Djokovic's 70-6 win-loss record in 2011 included those six wins over Nadal in finals -- including Wimbledon and the U.S. Open. However, Nadal will have an extra day to prepare for this final.
In 2009, Nadal beat Fernando Verdasco in a 5-hour, 14-minute semifinal before facing Federer in the final and winning less than 24 hours later.
Need the scores from any match played in today's Aussie Open? Courtcast
On Friday night, both Djokovic and Murray had form dips -- but Djokovic's were more obvious. He led by a set and a break before Murray started coming back. Then Djokovic started walking gingerly and appeared to be struggling for breath -- just as he had been in his straights sets quarterfinal win over No. 5-ranked David Ferrer.
At one point, he pointed to his nose and seemed to indicated to his support group that he was having trouble breathing.
In the opening game of the third set, Djokovic had to fend off five break points before holding a game that lasted 14 minutes, then asked the chair umpire for a handful of tissues to blow his nose.
He said his breathing problems were from allergies, and said he'd seen a doctor.
He stayed in the points, despite Murray scrambling and trying to get him involved in long rallies. Relentlessly pushing the limits hurt Murray in the end, finishing with 86 unforced errors against 47 winners. Djokovic had 69 unforced errors and 49 winners.
After winning a tight third-set tiebreaker but then virtually conceding the fourth set, Murray rallied again after falling behind 5-2 in the fifth. He broke Djokovic at love when the Serb was serving for the match and rallied to tie it 5-5, putting all the pressure back on the defending champion.
But Djokovic composed himself and seemed to gather energy as the match wore on. He held serve and then broke Murray to finish it off.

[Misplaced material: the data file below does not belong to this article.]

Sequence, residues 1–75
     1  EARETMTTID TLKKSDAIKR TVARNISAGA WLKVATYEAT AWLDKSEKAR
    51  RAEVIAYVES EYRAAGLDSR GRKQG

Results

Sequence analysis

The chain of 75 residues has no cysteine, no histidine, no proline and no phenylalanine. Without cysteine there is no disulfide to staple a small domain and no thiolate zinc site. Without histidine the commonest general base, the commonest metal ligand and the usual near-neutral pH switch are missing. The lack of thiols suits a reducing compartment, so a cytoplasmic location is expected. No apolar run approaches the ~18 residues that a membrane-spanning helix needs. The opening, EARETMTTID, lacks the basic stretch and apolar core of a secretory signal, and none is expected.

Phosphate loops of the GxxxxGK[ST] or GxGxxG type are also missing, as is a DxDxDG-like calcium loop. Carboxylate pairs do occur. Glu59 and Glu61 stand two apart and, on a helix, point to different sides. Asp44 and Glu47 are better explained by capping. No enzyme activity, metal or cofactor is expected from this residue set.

"I'm going to try to recover," Djokovic said. "Obviously, it's going to be physical as well."
Despite being friends and childhood rivals, this was only the second meeting between Djokovic and Murray at a Grand Slam. Djokovic beat Murray in the 2011 Australian final and had a 6-4 lead in their overall head-to-heads at tour level.
Murray won the Brisbane International and came into the semifinal on a 10-match winning streak with Lendl in his box.
The blue-and-white crossed Scottish flags fluttered in the crowd, held by fans with the flag painted on their faces and some wearing their tartan Tam hats. The support was evenly split at Rod Laver Arena, encouraging both players in the tense final set.
Copyright 2012 by The Associated Press
MORE TENNIS HEADLINES
- Djokovic: Wrist better, will try to play Madrid
- Sharapova survives scare at Porsche Grand Prix
- Barcelona: Ramos wins, will next face Nadal
- Wozniacki (wrist) withdraws from Porsche GP
MOST SENT STORIES ON ESPN.COM
Australian Open 2012
Svetlana Kuznetsova and Vera Zvonareva
Leander Paes and Radek Stepanek
Bethanie Mattek Sands and Horia Tecau
Slam Central »
Follow us on Twitter »
Watch on ESPN